In episode five of Perdition’s Teeth, “Homestead,” the narrator informs us that, as he traipses across a barren expanse of farmland, Seeger is reminded of Flanders’ field and no-man’s land, the colloquial term for the space between the trenches of the Allied and Central powers. The dust-driven plains of the Great American Desert, and the waste land of mud and barbed wire that characterized the Western Front, on which Seeger fought, bear some clear similarities: their hostility, their alien appearance, and their silent threat of imminent danger would parallel one another in Seeger’s mind.
But what did World War One mean for America? For Americans? The United States didn’t join the war until April of 1917, after the release of the Zimmermann telegram (a drama of high intrigue by itself), though after the sinking of the Lusitania by German submarines, a movement towards “Preparedness” emerged. But initially, US popular opinion was against joining the war, with many different groups favoring neutrality for different reasons (Irish Americans because they were loath to aid the British, for the example, and many German Americans still had ties to Germany). Woodrow Wilson won a second term in 1916 in part thanks to the slogan, “He kept us out of war.” And even when the US did enter the war, they were beset by a variety of problems: the standing army at the start of the war was not large, and racial relations within the US military were fraught, to put it mildly. But, as David Smith noted last year in The Guardian, “[T]he war had seismic implications for the US economically, socially and culturally,” pointing out that in many ways US involvement in World War One paved the way for the cultural shifts of the twentieth century.
For Seeger, much as for John Dos Passos or Ernest Hemingway, his enlistment would have come about as the US hastily assembled almost five million troops to ship out to aid the Allied forces. With the French and British militaries in poor morale, the arrival of a bunch of Americans was looked on as a godsend. As Vera Brittain writes in her memoir, Testament of Youth:
“Look! Look! Here are the Americans! ”
I pressed forward with the others to watch the United States physically entering the War, so god-like, so magnificent, so splendidly unimpaired in comparison with the tired, nerve-racked men of the British Army.
Although American involvement in the war was relatively brief, and casualties relatively low with respect to raw numbers, it nonetheless affected a generation of writers — and disaffected many of the people called to enlist.
Though the American deployment only lasted a year and a half, American soldiers met the same horrors that their British, French, and Commonwealth allies had been enduring for three years when they entered the fray. The scars would last a lifetime, and within the fiction of Perdition’s Teeth, we can see those traumas lingering on Seeger’s mind. He puts on a blase attitude, but his actions show a desire for the world to make sense and for things to go back to making as much sense as it did when he was younger.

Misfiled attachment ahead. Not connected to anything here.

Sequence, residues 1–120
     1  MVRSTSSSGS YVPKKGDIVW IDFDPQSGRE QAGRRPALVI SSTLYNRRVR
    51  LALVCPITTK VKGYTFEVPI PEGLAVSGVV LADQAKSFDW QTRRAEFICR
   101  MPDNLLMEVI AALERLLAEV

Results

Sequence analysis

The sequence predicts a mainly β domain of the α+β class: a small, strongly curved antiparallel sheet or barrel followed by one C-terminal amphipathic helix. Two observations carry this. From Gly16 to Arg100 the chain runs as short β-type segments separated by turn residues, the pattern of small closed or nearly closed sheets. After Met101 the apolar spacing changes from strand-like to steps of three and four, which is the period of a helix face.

Many of the men who came home were hollowed out by the experience, and they fought with the government for their pensions for years afterward. Many of these soldiers, while they had been paid at the time of their service, were required to wait for their whole payment — they were promised $1.25 for each day serving overseas, and $1.00 for each day serving in the United States (roughly $15 and $12 in 2018 dollars.) The exact amounts were agreed upon in 1924…but were not to be paid out until 1945, twenty-seven years after the war ended.
In the summer of 1932, a year before the events of Perdition’s Teeth, 17,000 out-of-work veterans, and 26,000 sympathizers, marched on Washington, D.C. under the banner of the Bonus Army, demanding immediate cash payment of the money they had been promised. On the 27th of July, former Major General Smedley Butler, in Washington to advocate for the Veterans, walked through the camp, ate with the protesters and stayed with them. The following day, he delivered an off-the-cuff speech to them. He told them that they were within their rights, and that they were fine soldiers. He told them that they needed to keep their humor and be mindful that the public eye was upon them.
This would prove to be an important moment.
Later that day, the protestors clashed with the police, and two of them were shot, but the police were driven off. The army was then dispatched: General Douglas MacArthur and then-Major George S. Patton personally led the 12th Infantry Regiment and the 3rd Cavalry Regiment, supported by six M1917 light tanks against the protesters. It was thought by many that the army was coming out to parade in honor of the veterans, and a crowd of spectators assembled to watch. They were quickly disabused of this notion when Patton ordered a cavalry charge, leading crowd to cry out:
The protesters were then set upon by infantrymen with fixed bayonets and tear gas, who pursued them back to their camp in the Anacostia Flats and brutally demolished it. Fifty-five veterans were injured, one hundred and thirty five were arrested, and the violence resulted in one miscarriage and the death of a twelve-week-old infant.